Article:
Prime Directive project - solution

Hi.

Here’s my take on Prime Directive project. I made a couple of changes which significantly increased performance of the program by cutting time needed to perform calculations by half:

To illustrate how this may matter I used my own test array with very large integers:

int[] numbers = { 989898989, 989898987, 989898989, 989898987, 989898989, 989898987, 989898989, 989898987, 989898989 };

My original isPrime() method (and the result of following instructions) looked like this:

public boolean isPrime(int number) {
      for (int i = 2; i <= number - 1; i++) {
      if (number < 2 || number % i == 0) {
        return false;
      }
    }
    return true;
  }

Result - 25.531 seconds

[Running] cd "/Users/jankes_mj/Documents/Coding/Codecademy Projects/Java/Prime Directive/" && javac PrimeDirective.java && java PrimeDirective
[989898989, 989898989, 989898989, 989898989, 989898989]

[Done] exited with code=0 in **25.531 seconds**

I realised that there is no point in making division using divisors larger than the half of number tested, hence “number / 2” in the second version below. This caused 0 and 1 being added to ‘primes’ but I fixed it by moving number < 2 condition out of the loop. Now filtering of 0 and 1 happens before the loop is reached.

isPrime() with my modifications:

public boolean isPrime(int number) {
    if (number < 2) {
      return false;
    } 
    for (int i = 2; i <= number / 2; i++) {
      if (number % i == 0) {
        return false;
      }
    }
    return true;
  }

Result - 12.625 seconds

[Running] cd "/Users/jankes_mj/Documents/Coding/Codecademy Projects/Java/Prime Directive/" && javac PrimeDirective.java && java PrimeDirective
[989898989, 989898989, 989898989, 989898989, 989898989]

[Done] exited with code=0 in **12.625 seconds**

That’s almost 13 seconds faster and it’s only a short array with 9 elements. I imagine this would stand out even further if longer arrays had to be tested.

My full code:

import java.util.ArrayList;

class PrimeDirective {

  public boolean isPrime(int number) {
    if (number < 2) {
      return false;
    } 
    for (int i = 2; i <= number / 2; i++) {
      if (number % i == 0) {
        return false;
      }
    }
    return true;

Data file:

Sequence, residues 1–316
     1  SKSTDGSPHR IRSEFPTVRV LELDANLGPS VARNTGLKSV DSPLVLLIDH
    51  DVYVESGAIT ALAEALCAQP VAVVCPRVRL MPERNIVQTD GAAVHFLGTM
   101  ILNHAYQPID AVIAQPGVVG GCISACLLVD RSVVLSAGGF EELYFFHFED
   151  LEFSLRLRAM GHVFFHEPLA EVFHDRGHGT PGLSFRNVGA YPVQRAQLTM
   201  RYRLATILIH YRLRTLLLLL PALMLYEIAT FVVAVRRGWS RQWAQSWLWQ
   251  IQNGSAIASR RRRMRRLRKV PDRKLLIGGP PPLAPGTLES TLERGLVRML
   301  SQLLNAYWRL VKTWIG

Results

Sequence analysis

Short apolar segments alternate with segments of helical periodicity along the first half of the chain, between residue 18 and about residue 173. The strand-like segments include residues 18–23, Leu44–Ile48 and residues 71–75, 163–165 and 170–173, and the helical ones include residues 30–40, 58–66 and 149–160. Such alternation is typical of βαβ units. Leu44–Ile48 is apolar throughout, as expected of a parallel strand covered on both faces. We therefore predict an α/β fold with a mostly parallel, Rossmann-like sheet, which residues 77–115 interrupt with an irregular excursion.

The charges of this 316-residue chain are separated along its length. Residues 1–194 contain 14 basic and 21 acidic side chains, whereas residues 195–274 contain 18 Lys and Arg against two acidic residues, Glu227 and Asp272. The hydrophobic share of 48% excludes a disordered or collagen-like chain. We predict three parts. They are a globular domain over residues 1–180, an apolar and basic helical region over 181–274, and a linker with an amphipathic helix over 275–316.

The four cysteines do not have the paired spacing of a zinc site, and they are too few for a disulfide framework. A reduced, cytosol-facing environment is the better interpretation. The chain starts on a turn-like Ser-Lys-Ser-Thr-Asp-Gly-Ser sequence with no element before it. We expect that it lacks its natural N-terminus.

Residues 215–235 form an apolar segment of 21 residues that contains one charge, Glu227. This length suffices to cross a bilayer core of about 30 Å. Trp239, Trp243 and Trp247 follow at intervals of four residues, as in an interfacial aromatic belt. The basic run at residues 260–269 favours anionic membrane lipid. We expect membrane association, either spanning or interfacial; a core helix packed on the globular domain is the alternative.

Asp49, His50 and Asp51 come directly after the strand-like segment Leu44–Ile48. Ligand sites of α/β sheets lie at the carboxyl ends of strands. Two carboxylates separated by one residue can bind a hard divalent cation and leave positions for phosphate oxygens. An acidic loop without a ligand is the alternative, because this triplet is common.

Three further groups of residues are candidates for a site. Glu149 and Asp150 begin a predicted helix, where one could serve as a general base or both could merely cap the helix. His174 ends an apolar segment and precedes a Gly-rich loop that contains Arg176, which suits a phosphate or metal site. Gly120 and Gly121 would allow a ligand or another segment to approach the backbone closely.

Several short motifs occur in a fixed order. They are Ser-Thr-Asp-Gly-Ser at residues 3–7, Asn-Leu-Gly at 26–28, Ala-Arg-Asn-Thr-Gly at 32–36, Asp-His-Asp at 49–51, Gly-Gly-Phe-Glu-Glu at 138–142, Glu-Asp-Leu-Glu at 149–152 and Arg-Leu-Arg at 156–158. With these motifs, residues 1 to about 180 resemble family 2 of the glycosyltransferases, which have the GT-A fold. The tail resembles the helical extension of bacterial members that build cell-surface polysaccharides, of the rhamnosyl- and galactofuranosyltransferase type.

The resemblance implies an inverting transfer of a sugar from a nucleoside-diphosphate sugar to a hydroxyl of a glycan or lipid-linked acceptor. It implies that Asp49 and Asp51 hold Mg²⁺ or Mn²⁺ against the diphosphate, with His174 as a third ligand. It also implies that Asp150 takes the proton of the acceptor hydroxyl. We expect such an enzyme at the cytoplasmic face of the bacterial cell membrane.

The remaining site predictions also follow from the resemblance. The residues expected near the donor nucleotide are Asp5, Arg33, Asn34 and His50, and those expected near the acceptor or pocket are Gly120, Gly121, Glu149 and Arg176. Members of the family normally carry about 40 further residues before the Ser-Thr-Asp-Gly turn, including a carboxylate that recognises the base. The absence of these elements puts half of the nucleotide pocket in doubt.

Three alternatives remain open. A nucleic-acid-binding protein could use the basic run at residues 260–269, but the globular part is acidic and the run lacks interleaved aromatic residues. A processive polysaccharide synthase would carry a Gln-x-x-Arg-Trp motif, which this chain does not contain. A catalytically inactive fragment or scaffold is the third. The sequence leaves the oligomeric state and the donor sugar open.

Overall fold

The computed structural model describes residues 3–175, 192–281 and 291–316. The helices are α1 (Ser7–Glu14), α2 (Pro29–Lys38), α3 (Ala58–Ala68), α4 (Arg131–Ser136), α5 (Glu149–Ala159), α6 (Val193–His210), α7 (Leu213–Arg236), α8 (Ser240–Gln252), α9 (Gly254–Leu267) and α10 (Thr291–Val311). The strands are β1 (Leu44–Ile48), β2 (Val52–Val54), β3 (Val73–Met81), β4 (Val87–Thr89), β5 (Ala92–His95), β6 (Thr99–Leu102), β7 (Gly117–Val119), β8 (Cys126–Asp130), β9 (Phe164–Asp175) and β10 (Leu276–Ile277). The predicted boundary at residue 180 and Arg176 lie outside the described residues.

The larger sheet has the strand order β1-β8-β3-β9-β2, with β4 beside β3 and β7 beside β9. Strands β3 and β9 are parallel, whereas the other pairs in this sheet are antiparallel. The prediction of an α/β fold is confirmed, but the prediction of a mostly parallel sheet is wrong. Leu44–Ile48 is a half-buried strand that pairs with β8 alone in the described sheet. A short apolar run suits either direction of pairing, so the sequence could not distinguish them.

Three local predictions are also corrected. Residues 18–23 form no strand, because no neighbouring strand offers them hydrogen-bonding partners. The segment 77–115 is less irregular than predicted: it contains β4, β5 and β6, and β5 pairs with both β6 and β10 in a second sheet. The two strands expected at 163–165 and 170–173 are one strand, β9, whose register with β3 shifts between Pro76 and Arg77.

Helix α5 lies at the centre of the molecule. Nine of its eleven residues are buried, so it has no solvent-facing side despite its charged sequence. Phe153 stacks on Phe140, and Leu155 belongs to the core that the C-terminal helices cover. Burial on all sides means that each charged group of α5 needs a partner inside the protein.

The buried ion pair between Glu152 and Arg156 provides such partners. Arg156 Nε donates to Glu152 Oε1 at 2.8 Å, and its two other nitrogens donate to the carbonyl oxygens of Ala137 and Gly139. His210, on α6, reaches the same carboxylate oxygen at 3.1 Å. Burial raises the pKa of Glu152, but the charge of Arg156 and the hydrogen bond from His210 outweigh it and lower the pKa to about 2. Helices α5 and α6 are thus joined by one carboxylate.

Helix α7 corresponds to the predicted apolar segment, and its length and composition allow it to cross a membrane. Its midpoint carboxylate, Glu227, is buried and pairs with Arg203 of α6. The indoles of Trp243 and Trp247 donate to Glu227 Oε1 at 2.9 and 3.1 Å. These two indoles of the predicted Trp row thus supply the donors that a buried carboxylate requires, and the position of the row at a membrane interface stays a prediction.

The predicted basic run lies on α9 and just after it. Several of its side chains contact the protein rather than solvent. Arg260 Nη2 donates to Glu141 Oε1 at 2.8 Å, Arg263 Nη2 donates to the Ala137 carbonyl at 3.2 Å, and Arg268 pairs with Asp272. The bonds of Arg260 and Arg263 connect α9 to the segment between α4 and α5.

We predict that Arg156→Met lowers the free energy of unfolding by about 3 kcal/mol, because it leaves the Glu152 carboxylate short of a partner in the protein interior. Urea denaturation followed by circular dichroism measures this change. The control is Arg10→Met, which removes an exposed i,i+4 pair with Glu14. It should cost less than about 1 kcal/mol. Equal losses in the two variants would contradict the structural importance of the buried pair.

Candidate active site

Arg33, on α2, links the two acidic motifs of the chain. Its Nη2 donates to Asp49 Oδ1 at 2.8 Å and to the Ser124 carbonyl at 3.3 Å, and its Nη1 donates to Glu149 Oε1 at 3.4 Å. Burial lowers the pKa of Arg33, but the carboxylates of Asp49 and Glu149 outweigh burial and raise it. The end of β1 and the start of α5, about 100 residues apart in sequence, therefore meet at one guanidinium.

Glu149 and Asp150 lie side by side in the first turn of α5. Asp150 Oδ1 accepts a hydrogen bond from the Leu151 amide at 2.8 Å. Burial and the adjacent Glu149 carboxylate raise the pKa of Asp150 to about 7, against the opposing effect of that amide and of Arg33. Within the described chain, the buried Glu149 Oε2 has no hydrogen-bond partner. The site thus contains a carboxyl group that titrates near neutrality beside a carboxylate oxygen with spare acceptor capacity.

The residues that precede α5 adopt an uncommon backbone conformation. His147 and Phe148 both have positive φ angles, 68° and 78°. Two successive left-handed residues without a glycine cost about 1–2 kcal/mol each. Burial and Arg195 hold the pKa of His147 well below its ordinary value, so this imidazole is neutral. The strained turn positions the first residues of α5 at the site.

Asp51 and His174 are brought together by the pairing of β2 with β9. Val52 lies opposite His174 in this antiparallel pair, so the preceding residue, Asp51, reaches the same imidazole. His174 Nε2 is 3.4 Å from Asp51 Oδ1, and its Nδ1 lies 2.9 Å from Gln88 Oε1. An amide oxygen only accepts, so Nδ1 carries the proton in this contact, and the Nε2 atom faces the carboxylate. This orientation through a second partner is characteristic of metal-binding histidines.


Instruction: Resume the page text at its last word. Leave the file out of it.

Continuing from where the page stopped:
}

  public ArrayList<Integer> onlyPrimes(int[] numbers) {
    ArrayList<Integer> primes = new ArrayList<Integer>();
    for (int number : numbers) {
      if (isPrime(number)) {
        primes.add(number);
      }
    }
    return primes;
  }

  public static void main(String[] args) {

    PrimeDirective pd = new PrimeDirective();
    int[] numbers = { 989898989, 989898987, 989898989, 989898987, 989898989, 989898987, 989898989, 989898987, 989898989 };
    System.out.println(pd.onlyPrimes(numbers));
  }

}
2 Likes

There’s an even faster way to test for primality: trying to divide the number by divisors up to and including the square root of the number (e.g. divide up to and including 6 for 36, up to and including 8 for 65).

This is explained in more detail here.

1 Like

Thanks, victoria_dr! That’s a great tip.

sqrt(16) = 4
16 = 4 x 4;
16 = 2 x 8;

One of the divisors will always be <= 4. Seems so obvious when you know about it. :sweat_smile:

Here’s the same method with your suggestion implemented.

 public boolean isPrime(int number) {
    if (number < 2) {
      return false;
    }
    for (int i = 2; i <= Math.sqrt(number); i++) {
      if (number % i == 0) {
        return false;
      }
    }
    return true;
  }

I ran it a few times and it took just over a second. Best run: 0.97 sec. That’s a huge (!) improvement over the original 25 sec and the later 12.5 sec.

[Running] cd "/Users/jankes_mj/Documents/Coding/Codecademy Projects/Java/Prime Directive/" && javac PrimeDirective.java && java PrimeDirective
[989898989, 989898989, 989898989, 989898989, 989898989]

[Done] exited with code=0 in **0.97 seconds**
1 Like